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RACcER: Re-use and Archiving of Complex Community Based Evaluation Research Irish Qualitative Data Archive Tallaght West Childhood Development Initiative.

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Presentation on theme: "RACcER: Re-use and Archiving of Complex Community Based Evaluation Research Irish Qualitative Data Archive Tallaght West Childhood Development Initiative."— Presentation transcript:

1 RACcER: Re-use and Archiving of Complex Community Based Evaluation Research Irish Qualitative Data Archive Tallaght West Childhood Development Initiative

2 Irish Qualitative Data Archive Funded by the Irish Government under the Programme for Research in Third Level Institutions (Cycle 4) Several major datasets being archived, including – Growing up in Ireland study Life Histories and Social Change in Ireland in 20th Century Ireland But... Limited awareness/understanding of qualitative archiving in Irish research community Lack of literature about challenges of archiving qualitative data generated in evaluation research Re-use & Archiving of Complex Community-based Evaluation Research (RACcER) project explores issues specific to archiving community-based evaluation data, also aims to raise awareness throughout research community

3 RACcER RACcER co-funded by IRCHSS and CDI: demonstrator project for qualitative archiving Objectives: Scope concerns, issues and requirements in qualitative data archiving through interviews Explore issues and challenges for researchers, participants, funders, potential data users Test feasibility of archiving evaluation data Develop protocols and procedures for archiving evaluation data Research Interviews with 30+ individuals from policy and research community, including those involved in TWCDI evaluation Evaluation researchers were all university based

4 Tallaght West Childhood Development Initiative (CDI) 1 of 3 Prevention and Early Intervention Programmes jointly funded by government & philanthropy Aims to improve the education and well-being outcomes for children and families in historically disadvantaged areas of Tallaght West 5 constituent projects: early years, literacy, pro social behaviour, healthy schools, community safety Major emphasis on evaluation Mainly quantitative approach to evaluation of RCT interventions, but qualitative process data collected for all constituent projects and overall evaluation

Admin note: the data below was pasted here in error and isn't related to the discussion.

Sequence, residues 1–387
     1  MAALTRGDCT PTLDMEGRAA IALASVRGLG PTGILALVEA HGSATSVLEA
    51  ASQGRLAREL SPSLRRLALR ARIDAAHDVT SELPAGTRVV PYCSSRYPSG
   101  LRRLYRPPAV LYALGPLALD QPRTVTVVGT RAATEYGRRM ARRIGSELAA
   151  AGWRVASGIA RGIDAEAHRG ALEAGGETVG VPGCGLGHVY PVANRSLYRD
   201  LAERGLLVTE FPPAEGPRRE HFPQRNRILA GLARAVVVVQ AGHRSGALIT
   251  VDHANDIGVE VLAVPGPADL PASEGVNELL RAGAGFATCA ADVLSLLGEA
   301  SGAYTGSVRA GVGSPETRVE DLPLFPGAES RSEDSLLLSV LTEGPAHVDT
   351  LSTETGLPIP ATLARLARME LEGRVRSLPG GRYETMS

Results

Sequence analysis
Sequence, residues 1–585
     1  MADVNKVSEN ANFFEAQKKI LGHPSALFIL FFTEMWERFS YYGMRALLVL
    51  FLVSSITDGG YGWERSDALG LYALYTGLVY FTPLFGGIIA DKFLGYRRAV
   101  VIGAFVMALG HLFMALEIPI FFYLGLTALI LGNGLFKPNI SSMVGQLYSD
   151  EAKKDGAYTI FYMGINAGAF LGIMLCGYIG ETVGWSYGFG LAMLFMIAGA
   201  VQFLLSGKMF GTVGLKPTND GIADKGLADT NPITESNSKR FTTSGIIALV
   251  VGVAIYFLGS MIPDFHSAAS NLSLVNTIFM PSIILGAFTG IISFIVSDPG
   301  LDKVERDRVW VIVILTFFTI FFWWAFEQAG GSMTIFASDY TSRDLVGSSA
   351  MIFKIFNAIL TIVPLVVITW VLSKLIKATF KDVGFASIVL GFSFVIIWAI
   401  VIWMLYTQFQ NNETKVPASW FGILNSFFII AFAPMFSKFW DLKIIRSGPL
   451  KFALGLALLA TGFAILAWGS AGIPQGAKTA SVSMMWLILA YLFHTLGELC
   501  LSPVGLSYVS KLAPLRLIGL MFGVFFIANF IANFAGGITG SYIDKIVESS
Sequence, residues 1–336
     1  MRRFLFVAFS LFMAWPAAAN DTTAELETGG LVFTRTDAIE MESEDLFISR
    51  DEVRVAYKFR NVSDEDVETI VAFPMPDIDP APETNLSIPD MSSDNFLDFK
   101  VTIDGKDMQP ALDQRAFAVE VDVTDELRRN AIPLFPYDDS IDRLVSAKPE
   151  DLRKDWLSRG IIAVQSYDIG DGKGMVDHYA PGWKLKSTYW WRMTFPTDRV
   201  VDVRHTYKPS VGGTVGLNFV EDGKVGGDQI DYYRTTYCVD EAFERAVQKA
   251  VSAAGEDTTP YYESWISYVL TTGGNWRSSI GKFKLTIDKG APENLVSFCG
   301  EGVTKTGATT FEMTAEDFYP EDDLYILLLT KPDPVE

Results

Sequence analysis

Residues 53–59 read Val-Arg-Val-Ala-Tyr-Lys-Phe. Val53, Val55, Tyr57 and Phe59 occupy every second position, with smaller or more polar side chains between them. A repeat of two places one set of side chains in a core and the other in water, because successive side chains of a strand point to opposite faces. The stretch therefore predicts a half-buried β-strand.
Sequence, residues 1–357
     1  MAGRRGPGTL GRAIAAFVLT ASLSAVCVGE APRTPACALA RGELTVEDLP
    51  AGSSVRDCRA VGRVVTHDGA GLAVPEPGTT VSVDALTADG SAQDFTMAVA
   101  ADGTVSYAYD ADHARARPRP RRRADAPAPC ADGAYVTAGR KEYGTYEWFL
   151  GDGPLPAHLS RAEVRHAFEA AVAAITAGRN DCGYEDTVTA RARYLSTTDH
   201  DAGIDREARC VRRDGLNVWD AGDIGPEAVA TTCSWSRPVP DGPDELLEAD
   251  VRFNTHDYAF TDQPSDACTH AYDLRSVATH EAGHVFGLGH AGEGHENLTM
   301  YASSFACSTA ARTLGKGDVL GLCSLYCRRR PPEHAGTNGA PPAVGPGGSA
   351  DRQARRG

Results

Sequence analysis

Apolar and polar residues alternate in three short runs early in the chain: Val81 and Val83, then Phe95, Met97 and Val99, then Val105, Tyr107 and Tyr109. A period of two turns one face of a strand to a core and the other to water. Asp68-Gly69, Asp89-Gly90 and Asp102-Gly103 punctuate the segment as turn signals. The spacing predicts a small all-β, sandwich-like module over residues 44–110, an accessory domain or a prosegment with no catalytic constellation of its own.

5 Findings – qualitative data gathered in evaluations Range of qualitative material collected One-to-one interviews, discussion groups, meeting minutes, site observations, project log books Variety of participant groups Service providers, practitioners, school, police, health service personnel, service users (children and parents), community reps Most material recorded, anonymised and transcribed

6 Findings – archiving policy Evaluators research centres didnt generally have archiving policies for qualitative material Range of experience of what happens to qualitative data after project Destroyed; stored privately but not used; returned to commissioner; archived internally No evidence of researchers sharing datasets informally Default ethics position is to destroy after 5 years In some cases 10 years

7 Findings – archiving experience No evidence of formal archiving Limited experience of accessing qualitative archives, One example for use in teaching Some had archived quantitative material Some had accessed quantitative archives Range of views on resource implications of prepare qualitative material for archiving

8 Findings – issues with archiving Difficulties of anonymising in small community Level of anonymisation would reduce re-use value Perception of limited reuse value of material collected for evaluation purposes Secondary analysts wouldnt understand the nuances of evaluation context Whats the added value of raw material vs. final report? Lack of awareness/understanding/trust in newly established archive Compromises fully informed consent Viability of archive, level of resources queried Reluctance to hand over data to be governed by unknown institution

9 Findings – issues(2) Consent not sought Unethical to archive without consent Retrospective consent not feasible Ethically dubious to archive documents like meeting minutes, no consent Constraints of ethics committees limit archiving Loss of control means consent cant be fully informed Prospect of archiving reducing quality of the research a major concern Reduce willingness to participate in research Constrain what participants willing to share There wasnt a hope in hell of anyone speaking to us unless there was anonymity. Archiving seen to equate with loss of anonymity